A Little Common Sense on War
BEIRUT - I am impressed by the continuing trend towards common sense and rationality among an increasing number of public figures in the United States who look at Syria and Iran and remember the lessons and live legacy of the American-led wars in Iraq and Afghanistan. Despite the warriors roaring for war among the Republican presidential candidates, more frequently these days we hear words of caution or restraint from Americans who actually take the time to study realities in the Middle East and ask some hard questions. This did not happen to any serious extent when the United States led the invasion of Iraq in 2003, whose consequences continue to plague the region, the U.S. itself, and the world.
For all my delight with the growing number of Americans who call for a more calculated, facts-based analysis of the benefits and burdens of launching another war in the Middle East, I have two continuing concerns, which I will mention later.
The most succinct manifestation of the trend I applaud is probably the column in the New York Times this week by Bill Keller, former executive editor of the newspaper and a supporter of the Iraq war. Last year, he wrote a striking column in that newspaper’s Sunday magazine reviewing the reasons why he now sees that he was wrong to support the war, and publicly expressing his regret for doing so in 2003. It is rare that a public figure in the United States expresses such honesty and culpability, and Keller offers a fine example that hundreds of others are eligible to follow, should they wish to summon the same combination of courage and responsibility.
In his column, entitled “Falling in and out of war,” he notes that, “When you’ve been wrong about something as important as war, as I have, you owe yourself some hard thinking about how to avoid repeating the mistake….So here we are, finally, messily winding down the long war in Afghanistan and simultaneously being goaded toward new military ventures against the regimes in Syria and Iran. Being in the question-asking business, I’ve been pondering this: What are the right questions the president should ask -- and we as his employers should ask -- when deciding whether going to war is (a) justified and (b) worth it?”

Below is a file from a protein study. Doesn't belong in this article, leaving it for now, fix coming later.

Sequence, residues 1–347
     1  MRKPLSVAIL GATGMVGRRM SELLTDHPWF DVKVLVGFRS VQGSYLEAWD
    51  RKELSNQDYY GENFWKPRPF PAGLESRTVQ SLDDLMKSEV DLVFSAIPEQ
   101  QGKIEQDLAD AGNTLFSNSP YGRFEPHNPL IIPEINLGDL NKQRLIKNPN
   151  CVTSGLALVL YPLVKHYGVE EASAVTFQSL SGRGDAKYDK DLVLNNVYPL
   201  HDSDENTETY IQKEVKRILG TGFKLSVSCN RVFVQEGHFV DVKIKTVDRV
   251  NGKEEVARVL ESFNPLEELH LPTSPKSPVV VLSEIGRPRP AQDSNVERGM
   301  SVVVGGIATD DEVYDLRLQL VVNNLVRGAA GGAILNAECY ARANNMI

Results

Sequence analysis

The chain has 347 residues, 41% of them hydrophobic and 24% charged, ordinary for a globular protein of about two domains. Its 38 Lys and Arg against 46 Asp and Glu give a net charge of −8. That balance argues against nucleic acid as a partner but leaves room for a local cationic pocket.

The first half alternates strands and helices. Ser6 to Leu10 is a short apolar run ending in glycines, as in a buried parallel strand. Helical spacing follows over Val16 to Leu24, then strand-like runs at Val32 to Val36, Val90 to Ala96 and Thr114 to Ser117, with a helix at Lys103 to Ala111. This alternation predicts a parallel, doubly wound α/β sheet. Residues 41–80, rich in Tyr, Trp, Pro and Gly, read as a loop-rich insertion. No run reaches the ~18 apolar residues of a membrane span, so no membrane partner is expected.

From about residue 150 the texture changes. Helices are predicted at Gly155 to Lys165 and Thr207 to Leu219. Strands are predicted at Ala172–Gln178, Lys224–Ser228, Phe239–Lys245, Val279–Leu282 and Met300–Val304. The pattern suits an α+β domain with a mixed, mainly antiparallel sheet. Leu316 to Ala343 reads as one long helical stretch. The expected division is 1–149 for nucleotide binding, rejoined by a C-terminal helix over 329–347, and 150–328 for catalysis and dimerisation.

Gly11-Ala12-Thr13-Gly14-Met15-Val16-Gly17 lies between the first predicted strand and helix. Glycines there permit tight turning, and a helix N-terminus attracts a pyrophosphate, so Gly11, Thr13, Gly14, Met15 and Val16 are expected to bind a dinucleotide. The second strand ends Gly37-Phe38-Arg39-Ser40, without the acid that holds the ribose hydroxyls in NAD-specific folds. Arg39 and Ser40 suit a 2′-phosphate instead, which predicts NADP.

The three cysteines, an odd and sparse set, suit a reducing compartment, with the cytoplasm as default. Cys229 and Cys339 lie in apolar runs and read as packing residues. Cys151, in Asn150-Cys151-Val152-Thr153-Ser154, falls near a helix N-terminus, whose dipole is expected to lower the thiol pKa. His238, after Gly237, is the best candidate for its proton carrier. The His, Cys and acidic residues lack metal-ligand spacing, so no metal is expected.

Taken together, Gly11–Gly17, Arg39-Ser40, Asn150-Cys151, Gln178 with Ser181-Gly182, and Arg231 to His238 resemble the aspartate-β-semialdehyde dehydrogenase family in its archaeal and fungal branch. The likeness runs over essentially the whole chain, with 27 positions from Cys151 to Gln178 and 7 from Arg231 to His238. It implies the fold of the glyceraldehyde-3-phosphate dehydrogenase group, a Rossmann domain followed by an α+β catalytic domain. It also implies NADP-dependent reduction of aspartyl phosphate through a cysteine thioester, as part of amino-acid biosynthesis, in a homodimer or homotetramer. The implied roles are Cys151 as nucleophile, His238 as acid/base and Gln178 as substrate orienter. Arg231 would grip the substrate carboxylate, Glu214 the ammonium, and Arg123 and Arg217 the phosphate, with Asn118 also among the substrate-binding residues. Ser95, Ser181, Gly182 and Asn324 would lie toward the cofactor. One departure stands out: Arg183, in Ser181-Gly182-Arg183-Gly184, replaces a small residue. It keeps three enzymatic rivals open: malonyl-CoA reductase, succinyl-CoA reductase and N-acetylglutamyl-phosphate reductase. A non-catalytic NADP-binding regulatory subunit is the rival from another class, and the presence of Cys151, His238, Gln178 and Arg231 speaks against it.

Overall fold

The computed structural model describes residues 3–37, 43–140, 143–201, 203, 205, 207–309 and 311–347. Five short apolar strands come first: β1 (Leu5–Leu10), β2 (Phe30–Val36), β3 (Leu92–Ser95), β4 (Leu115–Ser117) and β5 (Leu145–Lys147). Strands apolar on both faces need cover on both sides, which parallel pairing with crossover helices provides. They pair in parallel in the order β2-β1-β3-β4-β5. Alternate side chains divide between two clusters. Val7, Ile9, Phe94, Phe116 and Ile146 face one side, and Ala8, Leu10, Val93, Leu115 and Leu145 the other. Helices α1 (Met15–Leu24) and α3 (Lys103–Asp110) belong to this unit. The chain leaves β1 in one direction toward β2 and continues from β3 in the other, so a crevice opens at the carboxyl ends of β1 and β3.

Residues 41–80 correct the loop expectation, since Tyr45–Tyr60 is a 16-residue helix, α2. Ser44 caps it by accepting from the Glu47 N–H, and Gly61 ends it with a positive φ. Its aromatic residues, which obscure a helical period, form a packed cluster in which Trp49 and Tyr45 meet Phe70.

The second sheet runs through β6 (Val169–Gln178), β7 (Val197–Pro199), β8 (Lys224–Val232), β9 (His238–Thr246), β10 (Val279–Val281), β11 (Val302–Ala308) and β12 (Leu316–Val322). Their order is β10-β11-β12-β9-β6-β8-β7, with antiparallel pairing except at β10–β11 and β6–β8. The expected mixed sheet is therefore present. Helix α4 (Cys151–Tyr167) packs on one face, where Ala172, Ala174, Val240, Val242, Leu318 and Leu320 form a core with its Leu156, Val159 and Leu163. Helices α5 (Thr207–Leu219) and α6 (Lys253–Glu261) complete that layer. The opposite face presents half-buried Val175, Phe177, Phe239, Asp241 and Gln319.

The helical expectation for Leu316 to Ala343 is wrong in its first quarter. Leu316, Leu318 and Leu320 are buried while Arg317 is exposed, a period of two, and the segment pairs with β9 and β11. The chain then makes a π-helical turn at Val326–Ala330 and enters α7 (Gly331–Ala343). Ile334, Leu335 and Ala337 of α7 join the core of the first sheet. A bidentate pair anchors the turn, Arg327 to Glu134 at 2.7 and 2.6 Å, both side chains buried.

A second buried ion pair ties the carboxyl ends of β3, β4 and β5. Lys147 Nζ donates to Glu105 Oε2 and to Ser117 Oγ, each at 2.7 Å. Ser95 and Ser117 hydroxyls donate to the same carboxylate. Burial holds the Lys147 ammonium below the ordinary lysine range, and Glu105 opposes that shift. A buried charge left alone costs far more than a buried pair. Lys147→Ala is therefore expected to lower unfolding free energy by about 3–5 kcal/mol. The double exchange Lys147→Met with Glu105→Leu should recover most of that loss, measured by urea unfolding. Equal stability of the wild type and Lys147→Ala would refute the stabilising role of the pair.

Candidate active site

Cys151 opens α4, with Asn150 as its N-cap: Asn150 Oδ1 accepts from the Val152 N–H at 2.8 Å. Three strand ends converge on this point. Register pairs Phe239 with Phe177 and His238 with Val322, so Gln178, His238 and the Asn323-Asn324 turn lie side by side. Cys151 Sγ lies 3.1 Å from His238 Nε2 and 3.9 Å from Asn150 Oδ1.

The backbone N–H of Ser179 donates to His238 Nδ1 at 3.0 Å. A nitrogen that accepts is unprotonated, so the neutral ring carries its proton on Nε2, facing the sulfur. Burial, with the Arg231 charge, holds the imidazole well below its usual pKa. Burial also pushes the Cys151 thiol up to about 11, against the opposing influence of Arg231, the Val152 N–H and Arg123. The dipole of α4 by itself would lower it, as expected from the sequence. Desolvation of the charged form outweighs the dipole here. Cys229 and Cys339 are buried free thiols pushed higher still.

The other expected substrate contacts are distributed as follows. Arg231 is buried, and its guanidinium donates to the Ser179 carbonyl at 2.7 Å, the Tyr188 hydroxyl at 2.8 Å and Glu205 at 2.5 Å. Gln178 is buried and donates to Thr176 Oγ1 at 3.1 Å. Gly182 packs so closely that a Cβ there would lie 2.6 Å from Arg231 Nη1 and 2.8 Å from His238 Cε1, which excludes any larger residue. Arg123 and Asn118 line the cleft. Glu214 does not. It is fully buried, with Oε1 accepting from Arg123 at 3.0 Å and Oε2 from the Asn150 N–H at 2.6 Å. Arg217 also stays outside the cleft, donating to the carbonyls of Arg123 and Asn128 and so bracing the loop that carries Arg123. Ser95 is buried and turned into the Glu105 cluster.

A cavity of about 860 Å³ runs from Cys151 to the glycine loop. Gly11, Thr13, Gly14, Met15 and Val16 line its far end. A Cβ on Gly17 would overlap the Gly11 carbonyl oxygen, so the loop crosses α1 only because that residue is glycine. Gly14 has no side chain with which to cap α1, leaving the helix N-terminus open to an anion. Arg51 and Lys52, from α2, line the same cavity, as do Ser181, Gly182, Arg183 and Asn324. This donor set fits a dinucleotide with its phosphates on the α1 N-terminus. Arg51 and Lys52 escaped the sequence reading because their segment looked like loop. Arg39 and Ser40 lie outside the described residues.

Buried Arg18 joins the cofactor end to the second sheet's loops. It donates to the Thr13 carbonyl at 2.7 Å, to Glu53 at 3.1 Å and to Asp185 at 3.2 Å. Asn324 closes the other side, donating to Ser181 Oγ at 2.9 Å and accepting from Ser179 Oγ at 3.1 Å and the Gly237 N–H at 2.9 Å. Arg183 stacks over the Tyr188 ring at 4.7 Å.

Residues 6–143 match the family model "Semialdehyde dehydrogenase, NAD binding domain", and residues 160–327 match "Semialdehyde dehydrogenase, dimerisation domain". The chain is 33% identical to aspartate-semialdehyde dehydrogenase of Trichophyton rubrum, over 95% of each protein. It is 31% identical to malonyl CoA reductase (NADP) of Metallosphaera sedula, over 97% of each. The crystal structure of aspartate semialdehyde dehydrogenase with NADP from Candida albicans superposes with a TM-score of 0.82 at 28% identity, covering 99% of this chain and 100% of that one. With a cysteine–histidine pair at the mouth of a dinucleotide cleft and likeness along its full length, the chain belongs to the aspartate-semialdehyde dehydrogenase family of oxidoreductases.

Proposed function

He poses five important questions: Is a war vital to American interests? What cost will a war entail? Are there other, better, options? Who else would join the U.S. in war? What are the consequences and aftermath of war?
He concludes in the best manner of pithy American columnists, “If Iraq taught us nothing else, it should have taught us this: Before you deploy the troops, deploy the fact-checkers.”
I tip my hat to Bill Keller for being so honest and rational about this issue, but here are my two points of continuing concern about this trend. The first is that rarely does an American public figure ask the single most important question about America waging wars of choice around the world: does the United States have the moral authority or credible political mandate to initiate such wars as it did in Afghanistan and Iraq, and still may do in Syria and Iran? The issue of legitimacy is rarely raised in the United States, and it remains a dark spot on the political and ethical legacy of how the U.S. conducts its foreign policy. Legitimacy is also stunningly important to people and governments across the world, who resent it deeply when big, powerful countries use their military and economic powers at will around the globe, and ignore the rights and sentiments of the rest of the world. I would like to see Keller add a sixth point to his five: “By whose or what authority does the United States decide to go to war in the Middle East?”
My second point of concern is that the actions of Zionism and Israel are largely exempt from the kind of thoughtful analysis that Keller engages in. The chronic and continuing Israeli crimes against the Palestinians and other Arabs -- occupation, annexation, colonization, mass arrests without charges or indictments, assassination, siege, torture, Apartheid-like rules, and other such acts that are now routine for Zionism -- remain largely exempt from American ethical or political calculations.
The rare exception – such as another New York Times column this week by City University of New York professor Peter Beinart, who called for supporting the state of Israel in its 1967 borders but opposing its illegal actions in the occupied territories -- is overwhelmed by thousands of other calls to support anything that Israel desires, regardless of its legality, political credibility, or consequences. So the United States tends to enthusiastically support Israeli wars (as it did in Lebanon and Gaza in recent years), and largely exempt them from the kinds of calculations that Keller makes.
These two concerns soften, but do not negate, the importance of the more cautious and sensible new approaches to American foreign policy and war-making that are reflected in people like Bill Keller. Rami G. Khouri is Editor-at-large of The Daily Star, and Director of the Issam Fares Institute for Public Policy and International Affairs at the American University of Beirut, in Beirut, Lebanon. Copyright © 2012 Rami G. Khouri -- distributed by Agence Global